Hey kids, have you ever watched lightning in the sky at night, or gotten zapped when you touched a metal door? Those are two shocking examples of electricity! Elementary science teaches us that everything in the world is made up of tiny particles called atoms. An atom is made up of a hard core, called
Hey kids, have you ever watched lightning in the sky at night, or gotten zapped when you touched a metal door? Those are two shocking examples of electricity! Elementary science teaches us that everything in the world is made up of tiny particles called atoms. An atom is made up of a hard core, called a nucleus, and a cloud of fast whizzing particles called electrons that move around the nucleus. Sometimes electrons can even jump from one place to another. When electrons move, this creates a current of electricity. When you see lightning up in the sky, you’re actually seeing billions of electrons jumping all at once from one place to another. Moving electrons tend to release a lot of energy, and we can use this electricity to do all kinds of things, from powering a computer to splitting an atom apart. Our bodies also use electricity. Every thought that you have is the result of tiny electrical signals jumping between the cells in your brain. Everything that you feel is an electrical message passed down long pathways called nerves that run from your body to your brain. Even your heart is controlled by electrical signals that tell each cell in your heart when to beat. A heart attack happens when this electrical signal gets mixed up and every cell in your heart tries to beat at a different time. That’s why doctors can use a machine called a defibrilator to deliver a powerful electric shock to your heart – it resets all the heart cells and gets them beating in time again!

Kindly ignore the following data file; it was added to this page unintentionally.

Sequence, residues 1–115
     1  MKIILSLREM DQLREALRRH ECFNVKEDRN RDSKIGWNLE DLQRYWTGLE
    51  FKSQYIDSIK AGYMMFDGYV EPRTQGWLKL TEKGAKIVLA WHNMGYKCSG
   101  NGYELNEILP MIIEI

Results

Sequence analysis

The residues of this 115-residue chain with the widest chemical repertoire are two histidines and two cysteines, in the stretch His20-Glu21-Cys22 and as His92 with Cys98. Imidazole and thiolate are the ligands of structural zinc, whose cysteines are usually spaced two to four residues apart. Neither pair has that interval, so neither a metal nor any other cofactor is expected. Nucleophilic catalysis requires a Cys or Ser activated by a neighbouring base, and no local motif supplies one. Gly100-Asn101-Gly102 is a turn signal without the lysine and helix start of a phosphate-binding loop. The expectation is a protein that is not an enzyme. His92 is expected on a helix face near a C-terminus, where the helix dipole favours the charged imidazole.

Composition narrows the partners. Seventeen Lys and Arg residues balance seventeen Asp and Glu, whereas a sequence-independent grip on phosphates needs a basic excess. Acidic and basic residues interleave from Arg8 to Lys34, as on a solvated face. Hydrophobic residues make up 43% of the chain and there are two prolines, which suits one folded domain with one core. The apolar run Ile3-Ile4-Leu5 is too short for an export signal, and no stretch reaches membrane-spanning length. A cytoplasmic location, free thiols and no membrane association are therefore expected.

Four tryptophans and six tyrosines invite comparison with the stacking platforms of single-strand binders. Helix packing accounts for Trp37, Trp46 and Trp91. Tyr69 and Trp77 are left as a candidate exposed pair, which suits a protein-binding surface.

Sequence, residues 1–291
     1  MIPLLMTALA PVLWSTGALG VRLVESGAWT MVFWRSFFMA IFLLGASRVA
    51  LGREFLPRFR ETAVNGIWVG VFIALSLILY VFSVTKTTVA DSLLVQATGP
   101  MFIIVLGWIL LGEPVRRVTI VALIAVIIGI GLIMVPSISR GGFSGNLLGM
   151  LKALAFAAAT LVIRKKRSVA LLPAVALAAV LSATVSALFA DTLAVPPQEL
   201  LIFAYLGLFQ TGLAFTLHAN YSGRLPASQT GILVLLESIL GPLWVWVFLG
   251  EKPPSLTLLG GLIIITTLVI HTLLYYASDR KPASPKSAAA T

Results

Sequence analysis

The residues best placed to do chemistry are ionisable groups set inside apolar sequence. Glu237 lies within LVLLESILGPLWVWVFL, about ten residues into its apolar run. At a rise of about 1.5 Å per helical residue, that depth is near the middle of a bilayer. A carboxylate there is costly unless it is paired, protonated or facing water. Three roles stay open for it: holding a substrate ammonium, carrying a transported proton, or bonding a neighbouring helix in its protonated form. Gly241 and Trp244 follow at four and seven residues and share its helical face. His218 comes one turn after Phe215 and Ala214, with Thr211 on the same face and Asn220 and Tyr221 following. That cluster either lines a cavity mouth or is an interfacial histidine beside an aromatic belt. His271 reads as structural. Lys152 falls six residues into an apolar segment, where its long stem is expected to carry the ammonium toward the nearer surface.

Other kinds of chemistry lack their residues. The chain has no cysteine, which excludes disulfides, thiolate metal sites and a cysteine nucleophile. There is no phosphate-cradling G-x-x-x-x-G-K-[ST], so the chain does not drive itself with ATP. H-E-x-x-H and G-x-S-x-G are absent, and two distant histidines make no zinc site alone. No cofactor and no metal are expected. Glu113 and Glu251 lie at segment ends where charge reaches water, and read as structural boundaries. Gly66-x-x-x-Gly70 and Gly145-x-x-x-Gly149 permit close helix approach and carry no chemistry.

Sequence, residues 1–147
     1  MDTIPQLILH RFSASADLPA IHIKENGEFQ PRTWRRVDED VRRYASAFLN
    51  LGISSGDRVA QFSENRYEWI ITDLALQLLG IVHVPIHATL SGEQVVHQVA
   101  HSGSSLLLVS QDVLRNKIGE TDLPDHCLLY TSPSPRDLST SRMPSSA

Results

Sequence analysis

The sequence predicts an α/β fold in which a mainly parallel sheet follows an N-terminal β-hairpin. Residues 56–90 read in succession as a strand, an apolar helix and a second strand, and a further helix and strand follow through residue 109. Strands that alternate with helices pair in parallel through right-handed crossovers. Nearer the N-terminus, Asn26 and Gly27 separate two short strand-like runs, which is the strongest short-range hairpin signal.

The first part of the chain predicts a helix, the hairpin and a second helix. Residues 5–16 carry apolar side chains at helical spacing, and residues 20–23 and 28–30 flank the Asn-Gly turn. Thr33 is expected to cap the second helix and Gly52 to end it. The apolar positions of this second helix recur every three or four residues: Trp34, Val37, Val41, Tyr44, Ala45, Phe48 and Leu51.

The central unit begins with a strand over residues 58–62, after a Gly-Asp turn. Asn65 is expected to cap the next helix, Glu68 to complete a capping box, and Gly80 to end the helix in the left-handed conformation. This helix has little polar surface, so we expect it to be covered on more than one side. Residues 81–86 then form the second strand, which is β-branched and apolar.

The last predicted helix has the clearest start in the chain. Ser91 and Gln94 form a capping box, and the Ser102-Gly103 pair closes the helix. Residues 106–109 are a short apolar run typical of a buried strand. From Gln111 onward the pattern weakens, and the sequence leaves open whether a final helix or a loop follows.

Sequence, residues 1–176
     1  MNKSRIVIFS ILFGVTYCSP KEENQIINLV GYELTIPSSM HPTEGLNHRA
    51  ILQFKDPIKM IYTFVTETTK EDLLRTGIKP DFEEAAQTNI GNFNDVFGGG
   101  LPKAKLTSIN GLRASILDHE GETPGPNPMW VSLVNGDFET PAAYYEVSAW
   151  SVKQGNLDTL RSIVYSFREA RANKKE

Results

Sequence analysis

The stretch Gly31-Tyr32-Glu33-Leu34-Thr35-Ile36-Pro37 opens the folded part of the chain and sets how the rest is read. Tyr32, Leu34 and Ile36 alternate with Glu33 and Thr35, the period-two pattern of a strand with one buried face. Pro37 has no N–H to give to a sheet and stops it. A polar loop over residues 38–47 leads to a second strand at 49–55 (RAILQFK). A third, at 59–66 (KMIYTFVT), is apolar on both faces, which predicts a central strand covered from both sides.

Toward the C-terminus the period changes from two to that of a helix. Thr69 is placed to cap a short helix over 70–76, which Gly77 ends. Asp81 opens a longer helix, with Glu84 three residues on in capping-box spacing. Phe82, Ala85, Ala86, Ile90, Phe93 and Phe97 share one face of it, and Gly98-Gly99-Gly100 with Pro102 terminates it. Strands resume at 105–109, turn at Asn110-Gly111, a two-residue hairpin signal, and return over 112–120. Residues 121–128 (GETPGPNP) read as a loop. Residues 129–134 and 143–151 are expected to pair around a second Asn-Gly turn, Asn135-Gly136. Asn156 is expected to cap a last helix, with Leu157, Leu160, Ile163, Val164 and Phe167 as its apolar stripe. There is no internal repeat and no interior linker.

Here’s a fun and easy elementary science experiment you can do to see electricity at home:
A Hair-Raising Experiment
- Blow up a balloon and tie a knot in the end to keep the air from escaping.
- Rub the balloon quickly back and forth over your head for ten seconds.
- Slowly pull the balloon away. Watch what happens to your hair.
- Touch the balloon to a smooth surface, like a wall, and let go. If you rubbed enough, it should stick!
Have you ever heard the saying “opposites attract”? Well, that’s true of electric charges, too. Electrons have a negative charge, and the protons that make up the nucleus of an atom have a positive charge. Electrons push away from other electrons, but are strongly attracted to things with a positive charge. There are usually the same number of protons and electrons in an atom, so most of the time, they cancel each other out. When you rub the balloon over your hair, the balloon grabs electrons from the atoms in your hair. Now there are more electrons than protons in the balloon, and fewer electrons than protons in your hair. This leaves the balloon with a negative charge and your hair with a positive charge. Since opposites attract, the negatively charged balloon sticks to your positively charged hair! When you touch the balloon to the wall, the electrons in the atoms of the wall are repelled by the balloon and move away from it, but the protons in the wall are attracted to the electrons in the balloon and move slightly toward it. The negative charge in the balloon is attracted to the positive charge in the wall, and zap! It sticks just like a magnet. Now that is shocking science! Post by Sarah2 comments
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